1970 Lancia Stratos HF Zero


That windshield does tilt up, and once inside, a turn of the key starts the engine, and you can drive off across town. It’s the future come to vivid life

Chassis number: C1160

With the Stratos Zero, Bertone transcended the limits of automotive styling and chiseled a shape that appeared as though it were made of a solid block of metal, evoking speed and the sensation of travel. More remarkable still was the fact that the Zero was not only a design statement— but also a fully functioning prototype.

Everything about the Stratos looked futuristic. The full-width row of ultrathin headlights made for a dramatic front view, echoed at the rear by the minimalist— but highly effective—combination of mesh grille, ribbon taillights, fat tires and dual exhaust offset to the side of the protruding gearbox case.

The front headlight strip was backlit by ten 55W bulbs at the front, the rear strip by no less than 84 tiny bulbs spread all around the perimeter of the truncated tail. As for turn signals, the same lights simply lit up in succession from the center to the edges! The Zero was assembled by sourcing from existing Lancia parts. The diminutive yet spritely 1.6-litre Lancia V4 engine of the Fulvia HF was chosen for its minimal size as part of a quest for a sleek profile. The double-wishbone with transverse leaf spring arrangement at the rear was simply the Fulvia’s front axle. At the front, the wheel fairings which dominated the narrow cabin were just wide enough to accommodate short McPherson struts. Disc brakes were fitted on all four wheels. A 12-gallon fuel tank found space in the right side of the engine bay, and twin fans assisted radiator cooling. The spectacular triangular engine cover incorporated slats shaped to direct air towards the radiator, which was set all the way to the rear.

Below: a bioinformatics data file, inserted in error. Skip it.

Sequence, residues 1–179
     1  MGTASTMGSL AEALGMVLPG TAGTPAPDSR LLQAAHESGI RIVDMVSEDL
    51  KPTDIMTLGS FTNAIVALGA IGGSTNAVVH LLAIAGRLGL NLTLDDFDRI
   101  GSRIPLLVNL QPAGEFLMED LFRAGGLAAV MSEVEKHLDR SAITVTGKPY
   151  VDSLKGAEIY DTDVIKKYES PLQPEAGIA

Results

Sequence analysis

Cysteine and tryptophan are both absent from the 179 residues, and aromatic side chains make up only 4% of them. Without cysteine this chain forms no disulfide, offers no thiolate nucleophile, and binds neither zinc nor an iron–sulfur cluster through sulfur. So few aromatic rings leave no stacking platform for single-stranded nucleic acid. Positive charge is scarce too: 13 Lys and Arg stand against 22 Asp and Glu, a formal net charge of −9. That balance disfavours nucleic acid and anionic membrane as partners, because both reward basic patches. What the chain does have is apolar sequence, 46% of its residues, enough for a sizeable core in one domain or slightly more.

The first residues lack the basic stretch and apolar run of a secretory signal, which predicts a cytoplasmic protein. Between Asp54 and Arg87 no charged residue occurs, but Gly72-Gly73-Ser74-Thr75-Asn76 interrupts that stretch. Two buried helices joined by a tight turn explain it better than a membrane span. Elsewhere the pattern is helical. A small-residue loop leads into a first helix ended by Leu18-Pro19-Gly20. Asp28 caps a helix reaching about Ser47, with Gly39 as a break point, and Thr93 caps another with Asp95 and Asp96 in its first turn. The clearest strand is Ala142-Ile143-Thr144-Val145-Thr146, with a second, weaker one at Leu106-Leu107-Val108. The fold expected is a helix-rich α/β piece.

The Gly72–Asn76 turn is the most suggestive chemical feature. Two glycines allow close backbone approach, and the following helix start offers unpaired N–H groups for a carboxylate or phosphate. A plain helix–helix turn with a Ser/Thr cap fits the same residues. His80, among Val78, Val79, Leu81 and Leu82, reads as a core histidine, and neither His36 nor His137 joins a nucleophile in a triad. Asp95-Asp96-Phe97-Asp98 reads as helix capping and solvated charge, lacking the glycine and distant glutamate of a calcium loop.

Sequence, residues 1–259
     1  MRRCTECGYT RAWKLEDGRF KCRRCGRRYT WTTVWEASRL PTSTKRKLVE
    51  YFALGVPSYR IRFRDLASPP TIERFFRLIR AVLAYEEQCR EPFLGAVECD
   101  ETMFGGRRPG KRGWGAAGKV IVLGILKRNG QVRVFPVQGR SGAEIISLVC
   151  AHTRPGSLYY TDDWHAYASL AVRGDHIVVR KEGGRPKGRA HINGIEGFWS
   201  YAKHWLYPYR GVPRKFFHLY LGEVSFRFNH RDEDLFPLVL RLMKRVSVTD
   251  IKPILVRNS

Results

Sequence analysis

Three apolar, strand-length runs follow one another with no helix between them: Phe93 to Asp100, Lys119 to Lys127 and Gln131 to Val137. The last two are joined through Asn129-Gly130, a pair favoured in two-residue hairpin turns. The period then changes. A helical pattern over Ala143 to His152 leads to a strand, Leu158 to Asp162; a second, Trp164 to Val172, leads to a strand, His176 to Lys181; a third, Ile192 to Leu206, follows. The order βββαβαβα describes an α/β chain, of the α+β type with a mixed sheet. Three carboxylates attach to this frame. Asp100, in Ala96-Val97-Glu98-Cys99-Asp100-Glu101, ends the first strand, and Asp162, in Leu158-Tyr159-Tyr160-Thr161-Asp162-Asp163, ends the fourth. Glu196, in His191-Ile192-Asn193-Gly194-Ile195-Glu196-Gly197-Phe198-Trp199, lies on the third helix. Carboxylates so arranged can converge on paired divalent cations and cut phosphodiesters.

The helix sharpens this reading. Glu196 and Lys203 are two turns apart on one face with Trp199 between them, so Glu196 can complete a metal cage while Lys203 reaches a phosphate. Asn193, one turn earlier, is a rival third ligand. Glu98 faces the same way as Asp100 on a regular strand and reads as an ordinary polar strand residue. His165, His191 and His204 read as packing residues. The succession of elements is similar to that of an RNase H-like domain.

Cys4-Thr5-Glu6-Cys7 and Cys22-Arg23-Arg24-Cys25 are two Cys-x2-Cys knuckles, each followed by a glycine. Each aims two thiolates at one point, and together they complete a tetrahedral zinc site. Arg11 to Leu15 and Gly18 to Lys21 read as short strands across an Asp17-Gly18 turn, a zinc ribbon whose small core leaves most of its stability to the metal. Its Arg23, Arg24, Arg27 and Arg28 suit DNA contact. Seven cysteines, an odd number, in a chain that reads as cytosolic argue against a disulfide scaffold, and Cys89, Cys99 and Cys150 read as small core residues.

The cabin was so far up front, that access was by way of a flip-up windscreen. A sourced hydraulic linkage was devised so that, as the steering column was pushed forward to enable access to the driver’s seat, the windscreen would lift. The black rectangle at the bottom of the windscreen is in fact a small rubber mat intended to make climbing in easier by first stepping onto the bodywork.

The Lancia badge at the center of the mat cleverly concealed a pivoting handle that popped the windscreen open. Despite being a very abstract vision of the automobile, Italian magazine Quattroruote actually took it on the road back in 1971, driving from Milan’s beltway to the historic town center, where it caused, as one could only imagine, quite a sensation.

Nuccio Bertone had personally already driven the car on public roads when he went to meet Lancia’s top brass a few months earlier to discuss a more realistic sports car project which eventually became the Stratos. The Stratos Zero was subjected to a full restoration in 2000, conducted entirely in-house at Stile Bertone in Caprie. In the process, it regained its original bronze livery, which had made way for a more traditional silver soon after its initial presentation. It is now presented in its full glory, just as it was on October 28, 1970—the day it was launched upon unsuspecting show-goers.